One thing many of us don’t want to talk about during the menopause transition is what goes on below your belly button. After all, who really wants to have a conversation about what’s going on in your pants? But the truth is, things start to happen that are related to hormone levels and you need to be aware so you won’t feel like you’re alone or worry yourself to death! The problems that start to occur generally fall into 3 Ps: prolapse, peeing and pain. This is a 3-part series where we’ll take a look at each one in detail. Let’s start with pelvic prolapse.
Menopause and pelvic prolapse
Changes in a woman’s pelvic floor function often accompany menopause. Weakening of the pelvic support structures can lead to pelvic organ prolapse. This is when one or more organs (bladder, uterus, urethra, vagina, small bowel or rectum) of the pelvic area drops out of place. This causes a bulge in the vagina that will sometimes protrude through the vagina opening.
While there are many causes of pelvic organ prolapse (heavy lifting, vaginal birth, hysterectomy), the lack of estrogen during menopause worsens the situation by thinning the support structures and tissue that hold pelvic organs in place, causing them to fall.
Pelvic organ prolapse symptoms
Symptoms associated with pelvic organ prolapse can range from minor pain and difficulty urinating to emotional distress. Unlike other experiences of menopause, like hot flashes, pelvic organ prolapse symptoms can increase with age.
Symptoms related to varying types of pelvic organ prolapse include:
- Pain or a feeling of pressure in the pelvis or vagina
- Feeling that something is coming out of your vagina or sight of tissue protruding from the vagina (which may bleed or feel tender)
- Difficulty urinating or a feeling that the bladder will not empty; bowel movement difficulty
- Lower back pain
- Urinary incontinence (urine leakage during sneezing, coughing or exertion)
- Frequent bladder infections
- Painful sexual intercourse
Treatments for menopausal pelvic organ prolapse
Since lack of estrogen is the primary cause of menopausal pelvic organ prolapse, treatment in postmenopausal women may involve hormone therapy. This can help restore the vagina to premenopausal condition and may help to strengthen the vaginal structures supporting the pelvic floor. The most common hormone therapy is a low-dose vaginal estrogen replacement, using creams, tablets or vaginal rings.
This is a condition where working with a physical therapist trained in pelvic floor therapy can be very beneficial. The goals of physiotherapy are to reduce the symptoms caused by the prolapse and to improve your pelvic floor support. Treatment is often focused around the pelvic floor muscles which help to support and control the bladder.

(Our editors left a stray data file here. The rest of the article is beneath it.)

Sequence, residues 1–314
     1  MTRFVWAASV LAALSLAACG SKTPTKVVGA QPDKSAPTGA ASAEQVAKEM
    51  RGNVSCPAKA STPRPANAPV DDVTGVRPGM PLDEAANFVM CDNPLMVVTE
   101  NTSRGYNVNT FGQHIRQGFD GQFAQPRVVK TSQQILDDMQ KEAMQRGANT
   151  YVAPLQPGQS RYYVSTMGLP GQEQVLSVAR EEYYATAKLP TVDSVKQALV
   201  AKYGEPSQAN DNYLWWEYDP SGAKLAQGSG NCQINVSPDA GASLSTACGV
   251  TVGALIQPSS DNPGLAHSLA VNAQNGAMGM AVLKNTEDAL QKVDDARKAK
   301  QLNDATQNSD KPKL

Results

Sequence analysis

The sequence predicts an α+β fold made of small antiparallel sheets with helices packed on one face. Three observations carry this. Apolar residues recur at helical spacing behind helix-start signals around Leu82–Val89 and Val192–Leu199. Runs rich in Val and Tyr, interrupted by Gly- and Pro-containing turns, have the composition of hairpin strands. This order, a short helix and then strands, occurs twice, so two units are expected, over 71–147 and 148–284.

Physiotherapy will not be able to return the prolapsed pelvic organ(s) to their original position, but it can help improve the strength of the pelvic floor muscles so that they provide more support to the pelvic organs to prevent further slippage. Physiotherapy can also play an important part in teaching you how to avoid certain activities and helping you make simple lifestyle changes that will prevent you from causing further damage and stretching of your pelvic floor muscles. It can also teach you how to improve your bladder control.
For advanced conditions of pelvic floor prolapse, your doctor may prescribe a pessary. A pessary is a device that, when placed into the vagina, holds the pelvic organs in place. Normally, the patient is the one to clean the pessary to avoid infection; however, some pessaries must be taken out by medical professionals for cleaning.
In severe cases, surgery is required to restructure support for the prolapsed organs. This is usually performed through the vagina. The surgeon will secure the falling vaginal walls, bladder, urethra or other organs back to their proper position.
As if the physical problems associated with prolapse aren’t enough, women with pelvic floor disorders may understandably suffer higher rates of clinical depression and anxiety. Additionally, many experience shame associated with their symptoms. Since pelvic issues are not exactly dinner table conversations, women may feel very isolated. The emotional issues related to pelvic prolapse are often unrecognized and poorly managed. Holistic prolapse management needs to recognize both the physical and emotional aspects of living with a prolapse so that more women can access emotional support and coping strategies to improve their long-term quality of life.
Dr. Anna Garrett is a menopause expert and Doctor of Pharmacy. She helps women who are struggling with symptoms of perimenopause and menopause find natural hormone balancing solutions so they can rock their mojo through midlife and beyond. Her clients would tell you that her real gift is helping them reclaim parts of themselves they thought were gone forever.
Find out more about working with her at https://www.drannagarrett.com/work-with-me/.